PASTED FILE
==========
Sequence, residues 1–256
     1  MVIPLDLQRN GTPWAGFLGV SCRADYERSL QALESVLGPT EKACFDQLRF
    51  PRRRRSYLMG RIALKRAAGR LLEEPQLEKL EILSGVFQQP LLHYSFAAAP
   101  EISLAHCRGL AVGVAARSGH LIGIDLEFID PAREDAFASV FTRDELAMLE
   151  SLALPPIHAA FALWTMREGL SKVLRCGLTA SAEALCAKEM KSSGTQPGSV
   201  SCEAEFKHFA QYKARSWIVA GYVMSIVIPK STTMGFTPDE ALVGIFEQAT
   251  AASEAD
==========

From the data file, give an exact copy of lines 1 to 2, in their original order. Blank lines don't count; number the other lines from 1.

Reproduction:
Sequence, residues 1–256
     1  MVIPLDLQRN GTPWAGFLGV SCRADYERSL QALESVLGPT EKACFDQLRF